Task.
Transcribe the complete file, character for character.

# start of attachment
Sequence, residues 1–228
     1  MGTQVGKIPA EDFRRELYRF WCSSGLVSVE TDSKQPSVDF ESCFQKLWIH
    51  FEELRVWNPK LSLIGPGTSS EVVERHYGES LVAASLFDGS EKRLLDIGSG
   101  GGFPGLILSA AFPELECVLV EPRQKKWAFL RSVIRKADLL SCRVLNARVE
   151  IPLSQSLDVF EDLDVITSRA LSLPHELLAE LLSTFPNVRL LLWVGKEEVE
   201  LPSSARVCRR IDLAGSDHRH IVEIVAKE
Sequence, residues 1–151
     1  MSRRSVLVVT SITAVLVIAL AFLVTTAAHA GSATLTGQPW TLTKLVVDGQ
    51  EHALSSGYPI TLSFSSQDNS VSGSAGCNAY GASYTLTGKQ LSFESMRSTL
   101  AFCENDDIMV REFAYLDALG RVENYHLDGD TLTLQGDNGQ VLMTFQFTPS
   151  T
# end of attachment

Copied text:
Sequence, residues 1–228
     1  MGTQVGKIPA EDFRRELYRF WCSSGLVSVE TDSKQPSVDF ESCFQKLWIH
    51  FEELRVWNPK LSLIGPGTSS EVVERHYGES LVAASLFDGS EKRLLDIGSG
   101  GGFPGLILSA AFPELECVLV EPRQKKWAFL RSVIRKADLL SCRVLNARVE
   151  IPLSQSLDVF EDLDVITSRA LSLPHELLAE LLSTFPNVRL LLWVGKEEVE
   201  LPSSARVCRR IDLAGSDHRH IVEIVAKE
Sequence, residues 1–151
     1  MSRRSVLVVT SITAVLVIAL AFLVTTAAHA GSATLTGQPW TLTKLVVDGQ
    51  EHALSSGYPI TLSFSSQDNS VSGSAGCNAY GASYTLTGKQ LSFESMRSTL
   101  AFCENDDIMV REFAYLDALG RVENYHLDGD TLTLQGDNGQ VLMTFQFTPS
   151  T